- Citations and References in Supplementary files are permitted provided that they also appear in the main text and in the reference list.
The reference list should include the full title, as recommended by the APA style guide. Style files for Endnote and Zotero are available.
Research and Publication Ethics
Research Involving Human Subjects
When reporting on research that involves human subjects, human material, human tissues, or human data, authors must declare that the investigations were carried out following the rules of the Declaration of Helsinki of 1975 (https://www.wma.net/what-we-do/medical-ethics/declaration-of-helsinki/), revised in 2013. According to point 23 of this declaration, an approval from an ethics committee should have been obtained before undertaking the research. At a minimum, a statement including the project identification code, date of approval, and name of the ethics committee or institutional review board should be stated in Section ‘Institutional Review Board Statement’ of the article. Data relating to individual participants must be described in detail, but private information identifying participants need not be included unless the identifiable materials are of relevance to the research (for example, photographs of participants’ faces that show a particular symptom). Editors reserve the right to reject any submission that does not meet these requirements.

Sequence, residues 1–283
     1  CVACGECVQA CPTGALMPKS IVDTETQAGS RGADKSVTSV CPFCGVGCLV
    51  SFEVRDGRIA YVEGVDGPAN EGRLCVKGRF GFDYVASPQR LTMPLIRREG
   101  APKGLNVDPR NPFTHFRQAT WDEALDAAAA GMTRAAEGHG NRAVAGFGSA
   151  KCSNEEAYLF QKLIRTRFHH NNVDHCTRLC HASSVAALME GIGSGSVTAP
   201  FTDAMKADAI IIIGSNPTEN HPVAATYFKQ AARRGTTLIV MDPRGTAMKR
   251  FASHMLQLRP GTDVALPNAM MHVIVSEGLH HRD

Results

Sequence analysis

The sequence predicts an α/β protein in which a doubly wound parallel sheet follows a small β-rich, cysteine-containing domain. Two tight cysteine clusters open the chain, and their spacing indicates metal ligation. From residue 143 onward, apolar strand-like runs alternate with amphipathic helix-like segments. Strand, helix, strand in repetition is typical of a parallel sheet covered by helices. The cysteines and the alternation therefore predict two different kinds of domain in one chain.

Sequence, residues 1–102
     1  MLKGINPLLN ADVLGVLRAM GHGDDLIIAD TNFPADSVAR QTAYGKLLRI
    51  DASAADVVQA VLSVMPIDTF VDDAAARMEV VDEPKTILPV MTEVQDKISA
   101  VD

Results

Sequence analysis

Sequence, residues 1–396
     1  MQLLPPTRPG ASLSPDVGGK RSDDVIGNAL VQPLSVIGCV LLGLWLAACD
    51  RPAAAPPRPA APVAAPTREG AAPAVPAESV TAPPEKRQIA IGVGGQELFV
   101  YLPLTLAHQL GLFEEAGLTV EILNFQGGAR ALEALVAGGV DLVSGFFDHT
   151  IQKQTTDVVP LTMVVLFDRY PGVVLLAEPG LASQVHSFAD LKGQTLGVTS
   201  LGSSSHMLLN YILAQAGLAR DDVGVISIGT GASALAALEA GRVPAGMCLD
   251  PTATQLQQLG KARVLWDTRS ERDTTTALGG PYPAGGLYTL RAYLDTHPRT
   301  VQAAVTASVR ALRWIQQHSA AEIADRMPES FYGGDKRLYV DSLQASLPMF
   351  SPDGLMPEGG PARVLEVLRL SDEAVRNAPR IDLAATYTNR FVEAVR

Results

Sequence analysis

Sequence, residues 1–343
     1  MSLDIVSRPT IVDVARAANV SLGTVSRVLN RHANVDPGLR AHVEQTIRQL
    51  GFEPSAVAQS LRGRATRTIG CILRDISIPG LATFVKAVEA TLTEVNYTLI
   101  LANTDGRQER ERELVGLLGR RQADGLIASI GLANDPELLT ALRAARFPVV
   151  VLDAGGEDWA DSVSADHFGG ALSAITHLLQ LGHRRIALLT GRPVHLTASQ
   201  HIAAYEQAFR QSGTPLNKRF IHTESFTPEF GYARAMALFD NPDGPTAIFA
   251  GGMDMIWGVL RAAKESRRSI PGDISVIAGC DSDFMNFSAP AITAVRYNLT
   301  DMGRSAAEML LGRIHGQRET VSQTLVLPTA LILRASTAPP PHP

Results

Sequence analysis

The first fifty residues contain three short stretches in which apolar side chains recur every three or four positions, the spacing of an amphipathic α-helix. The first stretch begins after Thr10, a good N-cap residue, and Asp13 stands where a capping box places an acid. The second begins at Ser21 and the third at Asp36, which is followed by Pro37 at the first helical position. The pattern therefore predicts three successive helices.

Example of an ethical statement: "All subjects gave their informed consent for inclusion before they participated in the study. The study was conducted in accordance with the Declaration of Helsinki, and the protocol was approved by the Ethics Committee of XXX (Project identification code)."
Written informed consent for publication must be obtained from participating patients who can be identified (including by the patients themselves). Patients’ initials or other personal identifiers must not appear in any images. For manuscripts that include any case details, personal information, and/or images of patients, authors must obtain signed informed consent from patients (or their relatives/guardians) before submitting to JEET. Patient details must be anonymized as far as possible, e.g., do not mention specific age, ethnicity, or occupation where they are not relevant to the conclusions. A template permission form is available to download. A blank version of the form used to obtain permission (without the patient names or signature) must be uploaded with your submission.
Borders and Territories
Potential disputes over borders and territories may have particular relevance for authors in describing their research or in an author or editor correspondence address and should be respected. Content decisions are an editorial matter and where there is a potential or perceived dispute or complaint, the editorial team will attempt to find a resolution that satisfies the parties involved.
JEET stays neutral with regard to jurisdictional claims in published maps and institutional affiliations.
Publication Ethics Statement
JEET fully adheres to the Committee on Publication Ethics's (COPE) Code of Conduct and to its Best Practice Guidelines.
The editors of this journal enforce a rigorous peer-review process together with strict ethical policies and standards to ensure high-quality scientific works in the field of scholarly publication. JEET employs the iThenticate plagiarism detection software for all submissions. Unfortunately, cases of plagiarism, data falsification, image manipulation, inappropriate authorship credit, and the like, do arise. The editors of JEET take such publishing ethics issues very seriously and are trained to proceed in such cases with a zero-tolerance policy.